By Steve Weinstein
By Bryan Bierman
By Lindsey Rhoades
By Chaz Kangas
By Ben Westhoff and Sarah Purkrabek
By Jena Ardell
By Jesse Sendejas Jr.
By Katherine Turman
Converge's Jane Doe and Mastodon's Remission jetted out of the metal landscape a couple of years back, entrancing like objects from the future. Both monolithic albums reeled in hordes of fans and mounds of gloating press.
For extreme-music freaks, the band's follow-ups rank with 2004's most anticipated.
Converge call themselves punks, but their arsenal leaves extreme-metal bruises: glass-gargling bloody-throat screams, manic riffs razored with dissonant prog, drums battling the sonic mobocracy. Their new You Fail Me explores frenetic meta-mathematics similar to Jane's, but the execution is even more dynamic. Some artier riffs wedged in the middle of the tumult could've fit on an Unwound or Come record, and the melodic "In Her Shadow" commits a scarecrow-swaying Neurosis-like cornfield sacrificewith acoustic guitars. Converge are crushingly dark, with extra blackness on top. But without the lyric sheet, you might not pick up on how hope counters their indecipherable tortured-troglodyte screams and trusty lyrical themes of loss, addiction, breakup, and disappointment. "I need to know that there is trophy and meaning to all that we lose and all that we fight for," vocalist Jacob Bannon pleads on the album's best track, the anthemic "Last Light," suggesting Blonde Redhead knife-fighting a metal Rites of Spring. "Keep living, keep searching, keep pushing on."
Mastodon, too, have pulled off an ass-kicking successor, floating at or above their previous watermark. It's kingly that they could match the über-rich variety of Remission: a mix of stoner rock, tuneful Thin Lizzycum-Maiden dual-guitar devil jigs, Botch-like metalcore particle-wave enigmas, classic-Rush pomp, and Metallica-worthy mentions of things that shouldn't be mentioned. Leviathanopens thrashing old-school Bay Areastyle, with "Blood and Thunder" and "I Am Ahab"both reminiscent of Remission, as is the 12-minute instrumental "John Merrick," the sequel to Mastodon's previous algebra ballad "Elephant Man." But these pachydermologists have grown even larger in the vocal department: Instead of constant primal screaming, Troy Sanders and Brent Hinds now frequently bark, howl, and moani.e., they actually sing! "Aqua Dementia" shows how low they can go: It's the whale belly of this quasi-conceptual behemoth.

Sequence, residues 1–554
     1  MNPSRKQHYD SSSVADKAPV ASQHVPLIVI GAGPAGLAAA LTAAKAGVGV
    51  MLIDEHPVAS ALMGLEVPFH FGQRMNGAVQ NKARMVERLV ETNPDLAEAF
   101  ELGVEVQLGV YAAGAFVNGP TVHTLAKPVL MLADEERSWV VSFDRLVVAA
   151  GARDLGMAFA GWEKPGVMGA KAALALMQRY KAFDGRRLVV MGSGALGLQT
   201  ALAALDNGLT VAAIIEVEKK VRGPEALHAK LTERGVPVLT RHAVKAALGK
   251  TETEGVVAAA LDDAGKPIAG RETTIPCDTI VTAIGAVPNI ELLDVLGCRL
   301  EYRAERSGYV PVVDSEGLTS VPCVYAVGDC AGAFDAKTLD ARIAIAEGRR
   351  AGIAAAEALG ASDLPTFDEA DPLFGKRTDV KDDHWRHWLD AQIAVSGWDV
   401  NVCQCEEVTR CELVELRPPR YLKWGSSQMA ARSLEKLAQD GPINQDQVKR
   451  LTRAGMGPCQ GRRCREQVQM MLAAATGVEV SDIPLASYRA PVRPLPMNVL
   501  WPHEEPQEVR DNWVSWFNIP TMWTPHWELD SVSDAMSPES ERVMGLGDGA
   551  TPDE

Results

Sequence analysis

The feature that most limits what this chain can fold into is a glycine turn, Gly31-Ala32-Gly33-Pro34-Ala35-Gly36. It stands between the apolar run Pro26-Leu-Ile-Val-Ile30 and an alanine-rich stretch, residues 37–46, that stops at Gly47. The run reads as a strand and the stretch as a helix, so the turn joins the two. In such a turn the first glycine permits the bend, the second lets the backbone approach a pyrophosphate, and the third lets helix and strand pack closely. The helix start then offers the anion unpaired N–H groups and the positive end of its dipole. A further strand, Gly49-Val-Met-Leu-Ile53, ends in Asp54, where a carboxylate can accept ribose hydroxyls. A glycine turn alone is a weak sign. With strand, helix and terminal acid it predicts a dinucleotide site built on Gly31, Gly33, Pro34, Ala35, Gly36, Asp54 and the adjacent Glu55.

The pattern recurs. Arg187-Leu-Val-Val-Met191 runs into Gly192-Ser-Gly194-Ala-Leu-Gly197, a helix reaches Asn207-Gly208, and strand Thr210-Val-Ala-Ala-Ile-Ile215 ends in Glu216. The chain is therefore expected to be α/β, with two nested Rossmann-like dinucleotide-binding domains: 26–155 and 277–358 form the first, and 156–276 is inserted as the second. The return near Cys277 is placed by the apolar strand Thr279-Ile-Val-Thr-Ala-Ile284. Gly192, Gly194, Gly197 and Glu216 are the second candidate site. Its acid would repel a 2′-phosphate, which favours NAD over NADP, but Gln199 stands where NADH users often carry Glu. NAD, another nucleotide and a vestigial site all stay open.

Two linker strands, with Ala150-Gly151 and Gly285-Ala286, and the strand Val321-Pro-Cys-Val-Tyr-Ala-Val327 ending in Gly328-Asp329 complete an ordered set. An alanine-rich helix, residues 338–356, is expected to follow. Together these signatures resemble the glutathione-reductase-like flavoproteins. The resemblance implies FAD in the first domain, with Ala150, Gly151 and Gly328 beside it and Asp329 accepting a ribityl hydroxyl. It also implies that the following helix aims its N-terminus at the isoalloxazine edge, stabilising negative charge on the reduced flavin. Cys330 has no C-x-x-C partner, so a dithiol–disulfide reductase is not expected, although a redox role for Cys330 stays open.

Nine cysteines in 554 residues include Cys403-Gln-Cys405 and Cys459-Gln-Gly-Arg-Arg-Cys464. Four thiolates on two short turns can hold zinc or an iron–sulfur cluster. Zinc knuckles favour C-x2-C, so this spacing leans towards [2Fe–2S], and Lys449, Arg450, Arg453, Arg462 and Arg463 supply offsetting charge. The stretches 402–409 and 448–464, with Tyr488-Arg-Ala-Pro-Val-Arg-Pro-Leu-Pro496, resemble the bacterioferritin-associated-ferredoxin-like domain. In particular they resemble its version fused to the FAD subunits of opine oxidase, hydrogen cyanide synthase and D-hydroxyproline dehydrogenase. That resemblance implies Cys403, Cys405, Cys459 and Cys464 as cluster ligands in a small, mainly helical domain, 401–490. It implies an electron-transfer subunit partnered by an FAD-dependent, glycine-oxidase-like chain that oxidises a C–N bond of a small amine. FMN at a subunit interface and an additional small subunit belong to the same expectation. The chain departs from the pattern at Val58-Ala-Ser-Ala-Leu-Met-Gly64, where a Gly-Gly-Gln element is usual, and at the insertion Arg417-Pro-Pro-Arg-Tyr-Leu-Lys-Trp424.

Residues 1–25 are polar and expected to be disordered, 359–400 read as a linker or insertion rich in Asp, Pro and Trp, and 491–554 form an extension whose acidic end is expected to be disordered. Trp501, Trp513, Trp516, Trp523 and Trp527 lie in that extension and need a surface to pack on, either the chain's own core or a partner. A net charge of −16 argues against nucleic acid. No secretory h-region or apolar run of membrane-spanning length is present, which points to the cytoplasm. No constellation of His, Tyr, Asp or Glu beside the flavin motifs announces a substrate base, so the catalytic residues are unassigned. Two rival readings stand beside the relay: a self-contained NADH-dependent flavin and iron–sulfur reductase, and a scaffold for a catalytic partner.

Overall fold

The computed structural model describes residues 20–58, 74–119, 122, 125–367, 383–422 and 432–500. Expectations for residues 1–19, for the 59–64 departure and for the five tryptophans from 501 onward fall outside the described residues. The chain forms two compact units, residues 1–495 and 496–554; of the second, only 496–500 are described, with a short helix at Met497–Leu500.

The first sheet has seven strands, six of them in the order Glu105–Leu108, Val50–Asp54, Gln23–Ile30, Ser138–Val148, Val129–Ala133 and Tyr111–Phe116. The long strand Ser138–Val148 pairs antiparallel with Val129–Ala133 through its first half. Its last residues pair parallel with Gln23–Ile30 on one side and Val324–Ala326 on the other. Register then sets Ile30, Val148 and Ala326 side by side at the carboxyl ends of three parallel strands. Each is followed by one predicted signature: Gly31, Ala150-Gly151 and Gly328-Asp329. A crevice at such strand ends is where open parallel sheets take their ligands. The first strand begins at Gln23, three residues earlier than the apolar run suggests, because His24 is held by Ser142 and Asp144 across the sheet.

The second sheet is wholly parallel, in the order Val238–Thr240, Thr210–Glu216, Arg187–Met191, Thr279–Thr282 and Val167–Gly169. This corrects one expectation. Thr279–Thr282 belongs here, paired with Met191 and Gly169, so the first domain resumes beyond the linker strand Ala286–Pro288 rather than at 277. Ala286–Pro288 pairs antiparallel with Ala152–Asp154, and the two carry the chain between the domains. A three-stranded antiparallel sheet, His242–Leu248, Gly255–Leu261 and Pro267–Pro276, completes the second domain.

Heavy-guitar fans will need drool buckets for all the pyrotechnics and endless stream of iron-clawed riffs that both bands spew, but for music so vehement, where do Converge and Mastodon go next? Infinite repeat (à la Slayer), clueless reinvention (Metallica or Cave In), potent evolution (like Neurosis or Swans)? Bets are on the last. They aren't stuck, just climbing another step toward greatness.